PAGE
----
T5T: Books on my 2018 bucket list

Top 5 Tuesday is a weekly meme hosted by the wonderful Bionic Book Worm. This week’s topic:

JANUARY 9TH – Top 5 books on my 2018 bucket list

I’ve taken the topic to mean books that you’re prioritizing for 2018 and will absolutely, positively read this year. I’ve opted for books that were mostly hold-overs from 2017, and possibly earlier than that, some of which overlap with my 2018 reading resolutions, to read more classics and to read what I own.

272460685. Eugene Onegin by Alexander Pushkin
Pushkin’s short novel in verse has been on my reading list for a few years now, because it’s a story I’ve seen and loved in other forms. It was while watching the National Ballet of Canada dance the classic John Cranko-choreographed adaptation of Onegin that I fell for ballet as an art form. I was spellbound by the female lead, Tatyana, who begins the ballet as a country girl who has to be dragged away from her novels to greet company and felt empowered by the end of the ballet, where Tatyana doesn’t die, but holds a position of power over the (quite frankly rather dickish) Onegin. More recently, I caught a new Canadian musical based on the story that was one of my favourite theatre experiences of the year! By now I know the elements of the plot and characters well, but like any bookish blogger, I really want to read the original!

676974. Fire From Heaven by Mary Renault
Historical fiction is one of my preferred reading genres. Several years ago, I went looking for recommendations to read some of the more foundational authors in the genre, hoping to find well-researched and well-written titles. Some I took to heart, like Sharon Kay Penman and Dorothy Dunnett, but although the name Mary Renault often came up, I’ve still never read any of her books. A few friends have told me how much I would love her works, and I even picked up Fire From Heaven and The Persian Boy at a used bookstore last year, so I have no excuse! Fortunately, owning copies just means that Fire From Heaven can count towards one of my 2018 reading resolutions, to read what I own. Although I’ve heard it’s dense, I fully expect to love this book, and I can’t wait to tackle it later this year!

AssasinsApprentice3. Assassin’s Apprentice by Robin Hobb
In 2017 Assassin’s Apprentice made a lot of my ‘series I’ve been meaning to start’, ‘top of the TBR’, kinds of lists. Yet here we are in 2018 and I STILL haven’t read it. A few book bloggers I follow made their way through the fantasy series last year and seemed to love it, and friends offline have recommended it to me, so I am determined – 2018 will be the year I finally pick up a Robin Hobb book! I actually have copies of the first few books too, thanks to a friend who permanently moved to New Zealand and gifted some of the books she couldn’t take with her to me.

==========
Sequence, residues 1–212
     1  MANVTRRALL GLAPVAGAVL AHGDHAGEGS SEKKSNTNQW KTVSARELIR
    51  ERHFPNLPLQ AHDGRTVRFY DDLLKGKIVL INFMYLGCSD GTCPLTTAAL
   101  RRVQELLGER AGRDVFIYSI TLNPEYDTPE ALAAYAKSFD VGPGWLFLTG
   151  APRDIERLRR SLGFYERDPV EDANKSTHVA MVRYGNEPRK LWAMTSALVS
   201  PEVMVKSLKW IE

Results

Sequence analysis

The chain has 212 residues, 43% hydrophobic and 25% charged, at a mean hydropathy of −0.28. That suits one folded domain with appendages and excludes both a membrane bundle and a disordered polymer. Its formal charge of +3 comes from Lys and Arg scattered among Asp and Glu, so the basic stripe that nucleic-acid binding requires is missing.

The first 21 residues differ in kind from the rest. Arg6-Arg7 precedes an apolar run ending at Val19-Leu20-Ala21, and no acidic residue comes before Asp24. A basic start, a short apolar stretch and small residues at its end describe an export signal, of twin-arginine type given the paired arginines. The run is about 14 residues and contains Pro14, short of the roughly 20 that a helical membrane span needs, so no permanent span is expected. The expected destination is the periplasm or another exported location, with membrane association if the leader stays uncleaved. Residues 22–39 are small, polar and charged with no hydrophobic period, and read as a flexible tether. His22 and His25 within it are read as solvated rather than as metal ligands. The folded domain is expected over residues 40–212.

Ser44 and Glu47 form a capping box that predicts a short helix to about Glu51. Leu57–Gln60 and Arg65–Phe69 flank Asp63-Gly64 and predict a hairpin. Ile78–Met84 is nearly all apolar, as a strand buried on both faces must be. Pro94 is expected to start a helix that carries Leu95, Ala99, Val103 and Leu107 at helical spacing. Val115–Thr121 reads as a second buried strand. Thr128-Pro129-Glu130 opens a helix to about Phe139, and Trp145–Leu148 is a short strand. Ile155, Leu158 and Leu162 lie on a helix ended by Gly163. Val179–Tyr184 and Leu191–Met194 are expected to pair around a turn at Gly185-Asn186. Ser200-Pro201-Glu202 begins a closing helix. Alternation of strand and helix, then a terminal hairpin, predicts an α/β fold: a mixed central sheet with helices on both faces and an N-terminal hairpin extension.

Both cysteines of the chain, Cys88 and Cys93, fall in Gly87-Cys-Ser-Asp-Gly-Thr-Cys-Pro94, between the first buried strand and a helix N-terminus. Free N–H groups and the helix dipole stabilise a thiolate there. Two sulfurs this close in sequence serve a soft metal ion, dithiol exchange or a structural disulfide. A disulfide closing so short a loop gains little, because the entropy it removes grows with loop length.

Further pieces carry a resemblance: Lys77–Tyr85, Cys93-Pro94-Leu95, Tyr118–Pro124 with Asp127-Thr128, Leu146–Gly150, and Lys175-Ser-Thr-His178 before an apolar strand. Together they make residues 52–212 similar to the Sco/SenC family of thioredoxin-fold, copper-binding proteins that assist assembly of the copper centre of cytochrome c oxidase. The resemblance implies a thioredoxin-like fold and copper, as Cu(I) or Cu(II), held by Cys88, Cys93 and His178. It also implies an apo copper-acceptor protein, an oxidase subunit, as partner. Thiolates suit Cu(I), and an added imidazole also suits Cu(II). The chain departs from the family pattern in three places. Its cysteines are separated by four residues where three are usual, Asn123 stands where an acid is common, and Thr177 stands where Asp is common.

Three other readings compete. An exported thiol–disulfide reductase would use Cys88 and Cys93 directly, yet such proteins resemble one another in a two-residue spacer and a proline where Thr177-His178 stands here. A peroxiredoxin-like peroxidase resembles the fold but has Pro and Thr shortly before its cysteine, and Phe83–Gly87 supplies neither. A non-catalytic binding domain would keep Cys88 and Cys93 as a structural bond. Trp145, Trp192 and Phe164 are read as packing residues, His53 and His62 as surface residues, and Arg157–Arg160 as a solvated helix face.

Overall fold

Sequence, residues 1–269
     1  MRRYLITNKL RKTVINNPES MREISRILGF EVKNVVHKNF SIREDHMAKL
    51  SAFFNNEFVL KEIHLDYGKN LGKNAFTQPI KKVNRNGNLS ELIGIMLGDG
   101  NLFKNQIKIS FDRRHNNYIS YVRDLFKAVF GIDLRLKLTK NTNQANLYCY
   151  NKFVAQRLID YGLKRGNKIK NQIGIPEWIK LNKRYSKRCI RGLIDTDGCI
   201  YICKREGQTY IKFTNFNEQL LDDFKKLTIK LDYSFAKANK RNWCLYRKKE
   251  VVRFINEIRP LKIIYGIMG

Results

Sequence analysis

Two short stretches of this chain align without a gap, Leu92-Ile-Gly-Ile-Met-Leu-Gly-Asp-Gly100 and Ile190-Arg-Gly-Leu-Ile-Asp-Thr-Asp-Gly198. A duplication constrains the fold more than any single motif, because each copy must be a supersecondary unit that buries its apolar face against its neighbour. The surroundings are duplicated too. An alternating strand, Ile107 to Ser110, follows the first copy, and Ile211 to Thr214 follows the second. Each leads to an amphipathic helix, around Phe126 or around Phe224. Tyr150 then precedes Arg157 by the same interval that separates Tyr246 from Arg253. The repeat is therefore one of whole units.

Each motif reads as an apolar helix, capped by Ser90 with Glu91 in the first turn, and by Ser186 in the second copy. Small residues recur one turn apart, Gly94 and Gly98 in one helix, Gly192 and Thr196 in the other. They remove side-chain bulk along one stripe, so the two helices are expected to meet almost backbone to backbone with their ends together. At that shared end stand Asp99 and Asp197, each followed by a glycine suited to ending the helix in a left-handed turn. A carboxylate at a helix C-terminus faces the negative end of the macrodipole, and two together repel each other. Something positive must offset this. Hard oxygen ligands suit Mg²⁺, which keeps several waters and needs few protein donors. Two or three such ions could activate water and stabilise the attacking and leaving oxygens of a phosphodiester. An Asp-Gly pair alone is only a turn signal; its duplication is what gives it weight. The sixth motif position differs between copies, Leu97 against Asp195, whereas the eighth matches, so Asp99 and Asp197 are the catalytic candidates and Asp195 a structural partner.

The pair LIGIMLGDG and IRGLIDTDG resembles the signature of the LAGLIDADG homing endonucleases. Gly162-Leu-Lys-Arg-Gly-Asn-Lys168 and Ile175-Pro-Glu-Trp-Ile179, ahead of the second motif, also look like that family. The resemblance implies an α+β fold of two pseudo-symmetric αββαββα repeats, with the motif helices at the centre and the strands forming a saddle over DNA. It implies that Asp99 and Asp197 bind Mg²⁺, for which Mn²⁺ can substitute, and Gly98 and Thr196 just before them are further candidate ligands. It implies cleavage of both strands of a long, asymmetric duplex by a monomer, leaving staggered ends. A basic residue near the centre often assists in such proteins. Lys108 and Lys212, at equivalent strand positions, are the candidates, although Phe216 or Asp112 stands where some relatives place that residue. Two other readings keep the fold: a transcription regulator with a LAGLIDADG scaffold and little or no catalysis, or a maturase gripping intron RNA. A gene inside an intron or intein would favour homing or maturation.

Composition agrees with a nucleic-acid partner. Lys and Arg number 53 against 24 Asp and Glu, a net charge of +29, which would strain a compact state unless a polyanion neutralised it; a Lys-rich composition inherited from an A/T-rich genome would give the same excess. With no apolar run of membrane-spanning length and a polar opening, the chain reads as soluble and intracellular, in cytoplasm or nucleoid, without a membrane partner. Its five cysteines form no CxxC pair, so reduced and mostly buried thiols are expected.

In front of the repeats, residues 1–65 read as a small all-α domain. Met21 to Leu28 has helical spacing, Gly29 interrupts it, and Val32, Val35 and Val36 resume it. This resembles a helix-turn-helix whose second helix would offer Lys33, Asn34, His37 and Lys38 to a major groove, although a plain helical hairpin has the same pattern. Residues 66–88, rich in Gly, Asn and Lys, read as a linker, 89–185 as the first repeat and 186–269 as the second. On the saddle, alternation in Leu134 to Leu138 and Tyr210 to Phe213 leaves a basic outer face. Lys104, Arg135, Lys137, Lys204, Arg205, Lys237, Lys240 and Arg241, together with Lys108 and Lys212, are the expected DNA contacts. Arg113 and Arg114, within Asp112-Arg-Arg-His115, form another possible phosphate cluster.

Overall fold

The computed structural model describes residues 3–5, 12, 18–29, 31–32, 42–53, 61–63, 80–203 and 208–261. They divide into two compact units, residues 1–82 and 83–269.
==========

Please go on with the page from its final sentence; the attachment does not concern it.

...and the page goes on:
320756712. The Hate U Give by Angie Thomas
The book everyone was talking about last year was The Hate U Give. I intended to read it. I moved up the holds list at the library. I looked forward to it, yet it never quite reached the top of my TBR, despite the raves. My only excuse is that I’m really not much of a YA Contemporary reader, but there are a few notable exceptions and I suspect this is one of them. I’m making this important book a priority for 2018, and am planning to read it in February!

110161. Jane Eyre by Charlotte Bronte
I always get the same reaction from friends when they learn that I, a former English major and current enthusiastic reader, haven’t picked up Charlotte Bronte’s masterpiece. “You haven’t read Jane Eyre?” they ask in disbelief, jaws hanging open. To be honest, I’m a little surprised too. Somehow I never encountered it in high school or university and, although Jane Eyre is one of those rare classics that seems to be beloved by its readers, I rarely read classics after completing my degree. Now, as I make a conscious effort to choose a variety of reads and tackle some of the classics though, Jane Eyre is undoubtedly at the top of my list.

Have you read any of these? What are the titles you’re prioritizing this year? Comment and let me know!